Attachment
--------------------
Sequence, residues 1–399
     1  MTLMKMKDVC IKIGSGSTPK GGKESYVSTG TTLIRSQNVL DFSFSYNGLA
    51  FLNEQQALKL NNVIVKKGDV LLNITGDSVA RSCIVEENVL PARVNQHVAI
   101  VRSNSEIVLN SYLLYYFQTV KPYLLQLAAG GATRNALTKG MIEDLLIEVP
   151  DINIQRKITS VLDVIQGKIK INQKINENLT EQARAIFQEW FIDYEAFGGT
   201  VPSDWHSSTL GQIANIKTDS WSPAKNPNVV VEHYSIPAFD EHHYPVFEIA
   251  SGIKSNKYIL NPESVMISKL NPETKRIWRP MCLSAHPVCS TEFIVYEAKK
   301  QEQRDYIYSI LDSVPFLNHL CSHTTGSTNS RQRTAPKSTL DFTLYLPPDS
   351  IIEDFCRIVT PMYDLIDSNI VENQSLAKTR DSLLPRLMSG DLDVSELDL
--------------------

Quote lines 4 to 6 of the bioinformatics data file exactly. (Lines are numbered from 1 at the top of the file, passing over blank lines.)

   101  VRSNSEIVLN SYLLYYFQTV KPYLLQLAAG GATRNALTKG MIEDLLIEVP
   151  DINIQRKITS VLDVIQGKIK INQKINENLT EQARAIFQEW FIDYEAFGGT
   201  VPSDWHSSTL GQIANIKTDS WSPAKNPNVV VEHYSIPAFD EHHYPVFEIA